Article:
Are We Ready For Paid Tweets?
Have you heard of the 4-month old, Los Angeles startup, Ad.ly? They are an “In-Stream” advertising agency that is “connecting top tier twitterers with top tier brands”. Simply put, they insert paid tweets for brands among the regular tweets of highly-influential tweeters. Ad.ly already has Kim Kardashian, Dr. Drew, and Soulja Boy sending out paid tweets to each of their 2.8 or so million followers.
Many news sites have been successfully leveraging Twitter to distribute their stories and build new audiences, but they aren’t making money from these tweets yet. However, news sites are launching some early exploration into this new and, possibly, lucrative venture.
The New York Times, who has 2.3 million followers for its main feed, hasn’t made the move to paid tweets because they want to “wait-and-see” if audiences can really grasp the difference between paid and real tweets. Instead, The New York Times Online is selling packages of ads that appear specifically for visitors who have arrived via Twitter and Facebook. Advertisers can buy a percentage of shares of such readers, so a page that receives a certain amount of visitors via social media will show that advertiser’s ad to their percentage.
What we’ve seen over the last year or so is an effort to monetize all the traffic arriving from social media to websites that feel they deserve money for their content. The success of this current effort to put together a paid tweeting campaign is too early to gauge. But this process seems likely to deliver paid tweets to news feeds very soon. More than a few believe Twitter is media just like any other media format, perfectly able to support advertising as long as its relevant and used with restraint.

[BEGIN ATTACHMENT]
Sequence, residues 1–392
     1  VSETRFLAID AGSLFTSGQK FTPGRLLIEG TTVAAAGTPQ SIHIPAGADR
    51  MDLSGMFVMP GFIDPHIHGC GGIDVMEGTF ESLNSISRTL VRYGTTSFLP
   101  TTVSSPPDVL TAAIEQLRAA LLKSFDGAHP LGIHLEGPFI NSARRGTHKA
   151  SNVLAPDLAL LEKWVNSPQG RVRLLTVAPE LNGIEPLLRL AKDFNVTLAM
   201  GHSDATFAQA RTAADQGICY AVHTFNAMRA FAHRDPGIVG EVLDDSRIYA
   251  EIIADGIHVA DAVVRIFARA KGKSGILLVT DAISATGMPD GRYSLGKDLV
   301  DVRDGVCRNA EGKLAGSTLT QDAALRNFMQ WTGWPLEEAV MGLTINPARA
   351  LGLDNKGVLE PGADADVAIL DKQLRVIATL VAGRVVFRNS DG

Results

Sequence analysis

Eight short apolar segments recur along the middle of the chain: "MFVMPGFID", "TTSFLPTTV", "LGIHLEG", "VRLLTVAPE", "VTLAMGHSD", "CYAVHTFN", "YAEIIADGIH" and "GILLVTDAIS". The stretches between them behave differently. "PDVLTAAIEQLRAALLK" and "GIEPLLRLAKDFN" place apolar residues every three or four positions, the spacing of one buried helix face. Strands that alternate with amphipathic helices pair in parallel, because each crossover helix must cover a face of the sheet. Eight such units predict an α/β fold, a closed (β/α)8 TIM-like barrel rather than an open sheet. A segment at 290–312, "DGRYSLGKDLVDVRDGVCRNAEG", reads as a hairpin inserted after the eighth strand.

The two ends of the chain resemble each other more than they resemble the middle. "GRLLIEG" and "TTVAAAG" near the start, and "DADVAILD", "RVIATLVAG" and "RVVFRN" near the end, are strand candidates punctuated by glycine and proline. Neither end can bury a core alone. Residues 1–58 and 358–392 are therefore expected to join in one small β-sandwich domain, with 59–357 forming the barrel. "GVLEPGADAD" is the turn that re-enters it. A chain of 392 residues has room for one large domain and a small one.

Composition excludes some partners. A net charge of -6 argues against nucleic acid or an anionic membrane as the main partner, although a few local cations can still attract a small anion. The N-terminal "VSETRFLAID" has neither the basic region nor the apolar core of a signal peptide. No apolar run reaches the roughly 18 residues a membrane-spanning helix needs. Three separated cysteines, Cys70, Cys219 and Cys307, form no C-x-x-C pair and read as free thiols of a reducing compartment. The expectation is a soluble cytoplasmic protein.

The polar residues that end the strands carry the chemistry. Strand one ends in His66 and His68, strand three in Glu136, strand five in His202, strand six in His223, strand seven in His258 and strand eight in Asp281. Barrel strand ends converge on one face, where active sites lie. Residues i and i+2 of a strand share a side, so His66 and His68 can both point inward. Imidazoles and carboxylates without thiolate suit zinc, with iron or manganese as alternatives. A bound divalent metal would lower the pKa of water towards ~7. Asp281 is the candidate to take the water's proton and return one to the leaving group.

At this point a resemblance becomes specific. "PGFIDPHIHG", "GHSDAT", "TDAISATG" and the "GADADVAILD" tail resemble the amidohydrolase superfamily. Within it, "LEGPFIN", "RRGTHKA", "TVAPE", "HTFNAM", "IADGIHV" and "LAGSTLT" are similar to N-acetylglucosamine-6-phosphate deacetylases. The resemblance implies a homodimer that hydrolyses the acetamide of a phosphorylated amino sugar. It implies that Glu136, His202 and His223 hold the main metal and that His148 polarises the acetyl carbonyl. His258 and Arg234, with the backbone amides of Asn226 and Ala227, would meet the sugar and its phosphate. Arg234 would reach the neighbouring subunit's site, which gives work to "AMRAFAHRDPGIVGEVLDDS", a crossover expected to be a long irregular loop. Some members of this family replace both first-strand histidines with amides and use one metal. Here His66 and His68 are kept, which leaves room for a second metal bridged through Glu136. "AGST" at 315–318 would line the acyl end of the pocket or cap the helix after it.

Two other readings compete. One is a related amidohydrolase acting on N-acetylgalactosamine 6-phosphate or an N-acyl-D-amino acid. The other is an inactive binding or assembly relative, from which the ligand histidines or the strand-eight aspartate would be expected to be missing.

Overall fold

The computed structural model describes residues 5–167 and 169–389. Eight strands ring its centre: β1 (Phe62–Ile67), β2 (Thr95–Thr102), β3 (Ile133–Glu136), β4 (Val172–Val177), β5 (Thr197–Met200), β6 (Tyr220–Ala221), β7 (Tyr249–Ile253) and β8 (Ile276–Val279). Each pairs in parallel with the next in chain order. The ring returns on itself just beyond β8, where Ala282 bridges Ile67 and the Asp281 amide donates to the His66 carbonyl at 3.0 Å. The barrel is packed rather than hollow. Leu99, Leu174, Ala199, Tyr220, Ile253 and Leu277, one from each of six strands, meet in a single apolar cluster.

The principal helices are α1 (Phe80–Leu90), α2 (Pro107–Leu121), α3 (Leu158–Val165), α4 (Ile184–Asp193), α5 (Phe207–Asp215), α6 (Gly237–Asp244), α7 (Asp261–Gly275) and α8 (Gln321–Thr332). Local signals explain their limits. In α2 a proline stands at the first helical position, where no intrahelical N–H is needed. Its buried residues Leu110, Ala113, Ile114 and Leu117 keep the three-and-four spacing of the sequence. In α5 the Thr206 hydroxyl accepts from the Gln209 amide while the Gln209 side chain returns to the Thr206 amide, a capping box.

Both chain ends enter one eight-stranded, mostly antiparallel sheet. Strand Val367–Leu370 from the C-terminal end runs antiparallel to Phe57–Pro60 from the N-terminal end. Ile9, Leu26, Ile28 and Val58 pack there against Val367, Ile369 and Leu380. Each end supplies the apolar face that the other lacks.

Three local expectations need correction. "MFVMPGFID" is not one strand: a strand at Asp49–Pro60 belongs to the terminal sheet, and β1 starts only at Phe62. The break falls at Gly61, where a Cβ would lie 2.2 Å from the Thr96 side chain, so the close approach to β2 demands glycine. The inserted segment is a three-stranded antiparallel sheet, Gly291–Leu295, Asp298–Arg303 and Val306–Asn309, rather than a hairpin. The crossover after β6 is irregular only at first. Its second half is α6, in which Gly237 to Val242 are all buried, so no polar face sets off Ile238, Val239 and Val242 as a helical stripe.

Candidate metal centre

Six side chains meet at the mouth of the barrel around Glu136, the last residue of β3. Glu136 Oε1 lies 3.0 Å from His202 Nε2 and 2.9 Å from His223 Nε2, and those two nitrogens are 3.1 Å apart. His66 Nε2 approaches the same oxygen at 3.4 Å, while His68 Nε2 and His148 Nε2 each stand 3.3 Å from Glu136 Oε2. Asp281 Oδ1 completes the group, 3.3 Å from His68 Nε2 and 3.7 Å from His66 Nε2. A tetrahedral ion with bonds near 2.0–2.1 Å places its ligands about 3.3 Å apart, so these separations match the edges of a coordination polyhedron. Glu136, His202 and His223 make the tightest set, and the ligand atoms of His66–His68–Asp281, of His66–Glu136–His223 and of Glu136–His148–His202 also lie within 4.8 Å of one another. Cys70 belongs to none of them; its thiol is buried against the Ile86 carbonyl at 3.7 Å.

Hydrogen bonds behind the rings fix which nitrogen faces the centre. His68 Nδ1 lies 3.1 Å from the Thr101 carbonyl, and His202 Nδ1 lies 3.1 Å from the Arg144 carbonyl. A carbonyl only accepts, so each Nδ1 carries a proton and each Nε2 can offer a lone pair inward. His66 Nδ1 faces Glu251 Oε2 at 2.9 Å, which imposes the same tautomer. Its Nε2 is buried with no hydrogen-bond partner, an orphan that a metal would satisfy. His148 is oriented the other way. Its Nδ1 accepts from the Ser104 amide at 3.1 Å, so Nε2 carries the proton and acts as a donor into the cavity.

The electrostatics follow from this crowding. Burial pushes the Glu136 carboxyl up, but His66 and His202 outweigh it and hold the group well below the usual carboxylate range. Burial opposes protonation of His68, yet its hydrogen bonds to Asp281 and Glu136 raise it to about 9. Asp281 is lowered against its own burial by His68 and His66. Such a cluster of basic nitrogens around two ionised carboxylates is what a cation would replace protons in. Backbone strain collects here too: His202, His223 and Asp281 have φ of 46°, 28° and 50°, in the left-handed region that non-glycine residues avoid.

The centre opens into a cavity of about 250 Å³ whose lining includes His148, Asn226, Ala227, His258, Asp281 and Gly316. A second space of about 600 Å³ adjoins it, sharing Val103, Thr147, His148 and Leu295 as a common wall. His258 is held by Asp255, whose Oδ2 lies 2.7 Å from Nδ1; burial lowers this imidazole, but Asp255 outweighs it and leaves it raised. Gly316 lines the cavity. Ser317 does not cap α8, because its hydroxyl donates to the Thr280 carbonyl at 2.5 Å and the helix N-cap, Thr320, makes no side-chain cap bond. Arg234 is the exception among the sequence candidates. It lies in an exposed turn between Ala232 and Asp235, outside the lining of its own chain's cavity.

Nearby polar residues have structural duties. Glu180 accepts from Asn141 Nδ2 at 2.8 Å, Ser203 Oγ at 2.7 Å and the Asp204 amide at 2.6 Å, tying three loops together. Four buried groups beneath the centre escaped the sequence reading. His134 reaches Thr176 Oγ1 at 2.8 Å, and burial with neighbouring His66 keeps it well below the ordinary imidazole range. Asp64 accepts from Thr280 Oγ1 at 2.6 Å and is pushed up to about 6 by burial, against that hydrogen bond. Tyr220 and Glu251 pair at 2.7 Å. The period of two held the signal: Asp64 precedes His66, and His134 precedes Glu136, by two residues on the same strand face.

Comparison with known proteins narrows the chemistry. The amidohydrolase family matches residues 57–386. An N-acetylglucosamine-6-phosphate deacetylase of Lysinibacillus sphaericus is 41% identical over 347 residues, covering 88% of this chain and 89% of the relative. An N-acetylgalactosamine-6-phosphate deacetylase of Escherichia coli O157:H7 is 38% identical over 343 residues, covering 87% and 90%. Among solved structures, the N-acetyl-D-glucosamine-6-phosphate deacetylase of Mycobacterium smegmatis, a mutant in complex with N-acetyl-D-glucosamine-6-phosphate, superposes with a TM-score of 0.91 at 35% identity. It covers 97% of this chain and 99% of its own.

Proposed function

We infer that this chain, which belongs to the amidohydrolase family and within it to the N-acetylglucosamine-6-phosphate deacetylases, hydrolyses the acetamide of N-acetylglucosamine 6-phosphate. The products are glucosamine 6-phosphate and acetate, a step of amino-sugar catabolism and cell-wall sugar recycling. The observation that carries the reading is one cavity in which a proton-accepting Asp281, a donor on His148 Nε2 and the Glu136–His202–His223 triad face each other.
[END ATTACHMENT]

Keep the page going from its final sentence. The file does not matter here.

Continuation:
Ad.ly, who connects Twitterers with advertisers, has plans to introduce an algorithm sometime this month. The algorithm aims to tie pricing for paid tweets with the quality of the individual feed, while taking in consideration retweeting and how much advertising a feed can handle.
So far, no big news publishers have signed up for Ad.ly’s tweeting services, but the buzz is that a few are highly intrigued. 2009 just saw the beginning of “Twitter-Madness”, but the best is yet to come. Paid tweeting will be a highly-sought after marketing channel for at least the next year, unless some massive campaign monumentally crushes the not only the channel, but the branding of its vehicle, Twitter. As long as Twitter is relevant, paid tweeting will prosper. But once the next best thing comes along, we should see this cycle start over.
Are you interested in a Social Media Optimization? It just so happens that SMO is a little more than a hobby around the Volacci office. Although not one of our main services, we are definitely interested in discussing how we can help your brand and business within the online social realm. Give us a call today, or fill out a form for our Account Manager, Josh Ward, to give you a call at your convenience.